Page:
Argentina Bonds Rise After Milei’s Victory; Peso May Drop

(Bloomberg) — Argentina investors cheered libertarian economist Javier Milei’s bigger-than-expected win in Sunday’s presidential vote and his pledges to usher in a radical remake of South America’s second-largest economy.

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The country’s most liquid overseas bonds edged higher in early European trading on Monday, as traders weighed the maverick outsider’s chances of turning around policies that have the country headed to its sixth recession in a decade with 140% inflation.

Bonds due 2035 and 2041 rose 0.6 cent and 0.8 cent on the dollar, respectively, figuring among the top 20 performers in emerging markets on the day. Both securities still trade bellow 30 cents on the dollar.

“This is the opportunity for a new beginning,” said Jorge Piedrahita, founder of Gear Capital Management in New York.

The peso is set to weaken in parallel markets used to skirt currency controls, reflecting Milei’s plan to replace it with the dollar. On Sunday, it fell to about 1,000 per dollar on local cryptocurrency exchanges. That was an 8% decline from Friday’s price of about 920 per dollar. Local markets are closed Monday for a national holiday.

“The peso is likely to remain under significant pressure,” said Leandro Galli, an emerging-market debt portfolio manager at JP Morgan Asset Management. “The FX gap between market-based measures and the official exchange rate is likely to narrow, which could lead to an acceleration of inflation in the coming year.”

Read more: Milei’s Challenges Begin Ahead of Inauguration

Milei’s victory caps a bombastic campaign that promised radical fixes to what he described as decades of misguided government policies. He pledged to slash public spending and shut down the central bank in a bid to tame inflation and shore up fiscal accounts, policies that may be a boon to bond investors who already expect another default is coming.

JP Morgan Asset Management’s Galli said this opens the door for a “potentially more draconian fiscal consolidation plan and reforms,” which may provide some support to the nation’s dollar bonds. However, upside is limited by concerns regarding the transition, governability and implementation risks.

In his victory speech Sunday night, Milei shied away from mentioning those radical fixes, in favor of a more subdued tone that highlighted the critical condition of the economy.

“Today is the beginning of the end of Argentina’s decadence,” he said. “We’ll start doing things that history has shown works, and within 35 years, we’ll return to being a world power.”

During a second speech to supporters outside his campaign headquarters, Milei shouted his signature slogan “Long live freedom, dammit!” Still, he dialed back his rhetoric on closing the central bank, mentioning the need to “fix its problems” instead.

With 99% of votes counted, Milei won nearly 56% support, compared with 44% for Economy Minister Sergio Massa, who represented continuity with the existing Peronist government. Polls had showed Milei with just a slight edge in the run-up to the election, so there was a feeling among investors that the strong mandate might make it easier to push through his policies.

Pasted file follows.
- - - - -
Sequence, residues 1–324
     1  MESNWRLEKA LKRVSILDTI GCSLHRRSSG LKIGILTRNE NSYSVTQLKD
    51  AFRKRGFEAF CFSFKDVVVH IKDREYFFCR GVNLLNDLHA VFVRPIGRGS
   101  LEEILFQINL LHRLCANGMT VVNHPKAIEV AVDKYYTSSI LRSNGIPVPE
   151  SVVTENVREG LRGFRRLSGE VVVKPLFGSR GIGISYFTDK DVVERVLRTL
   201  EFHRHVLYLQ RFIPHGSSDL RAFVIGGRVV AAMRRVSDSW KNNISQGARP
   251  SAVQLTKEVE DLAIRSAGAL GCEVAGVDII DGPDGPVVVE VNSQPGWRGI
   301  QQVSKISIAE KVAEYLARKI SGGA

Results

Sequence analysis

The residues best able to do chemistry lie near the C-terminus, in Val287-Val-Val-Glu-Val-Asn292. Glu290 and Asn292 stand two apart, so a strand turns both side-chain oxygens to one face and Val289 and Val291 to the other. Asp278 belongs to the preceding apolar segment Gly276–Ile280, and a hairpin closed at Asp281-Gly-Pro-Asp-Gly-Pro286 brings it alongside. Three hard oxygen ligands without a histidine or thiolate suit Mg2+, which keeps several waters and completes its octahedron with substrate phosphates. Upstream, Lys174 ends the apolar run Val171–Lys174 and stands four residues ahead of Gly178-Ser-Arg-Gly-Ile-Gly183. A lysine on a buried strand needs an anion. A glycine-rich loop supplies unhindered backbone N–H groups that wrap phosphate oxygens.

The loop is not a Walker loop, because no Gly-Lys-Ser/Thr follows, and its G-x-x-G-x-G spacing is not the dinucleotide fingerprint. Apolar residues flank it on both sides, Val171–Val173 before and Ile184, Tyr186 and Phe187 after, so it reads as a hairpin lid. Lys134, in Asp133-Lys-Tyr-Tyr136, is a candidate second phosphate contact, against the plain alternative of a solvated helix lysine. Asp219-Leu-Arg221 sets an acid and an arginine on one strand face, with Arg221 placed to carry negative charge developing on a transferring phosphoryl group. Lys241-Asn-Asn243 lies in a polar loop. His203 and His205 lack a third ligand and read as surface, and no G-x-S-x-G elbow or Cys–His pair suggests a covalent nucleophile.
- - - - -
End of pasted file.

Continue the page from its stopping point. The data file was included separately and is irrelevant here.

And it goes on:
While Milei gained attention for quirks that were atypical for a potential head of state — his unusual hairdo, love of his cloned dogs and a penchant for campaigning with a chainsaw — he won fans among investors for his promise to usher in a business friendly era for Argentina. Economic growth is elusive, the peso has lost more than 90% of its value in four years, and around 40% of the population lives in poverty.

“It’s a vote in favor of reforms, but with tremendous execution risks,” said Patrick Esteruelas, the head of research at Emso Asset Management. “The upside will be capped by skepticism over whether he can politically survive an adjustment with limited support in Congress.”

Milei’s La Libertad Avanza party controls only a handful of seats in congress, and policies like dollarization would be an incredibly complex undertaking even with broad political support. Slashing government outlays will be a burden on Argentina’s poorest citizens.

What Bloomberg Economics Says

The lead-up to Milei’s Dec. 10 inauguration could be rocky. The outgoing administration can still tinker with the currency, reserve levels and public spending. Markets will pay close attention to his cabinet announcements. Asset-price moves — especially in the parallel exchange rate — could help shape the near-term inflation outlook.

— Adriana Dupita, Brazil and Argentina economist

— Click here to read the full report.

Still, some investors think Milei is the best shot at salvaging the economy after years of market pain. The nation’s overseas bonds handed investors losses of more than 40% since they were restructured in 2020, among the worst showings in emerging markets.

“The question is more about Milei’s ability to get things done,” said Diego Ferro, founder of M2M capital in New York. “And that is where I think there’s still a big question mark. But the near-term prognosis should be higher bond prices.”

–With assistance from Srinivasan Sivabalan.

(Updates prices in second and third paragraphs, adds investor comments starting in sixth paragraph.)

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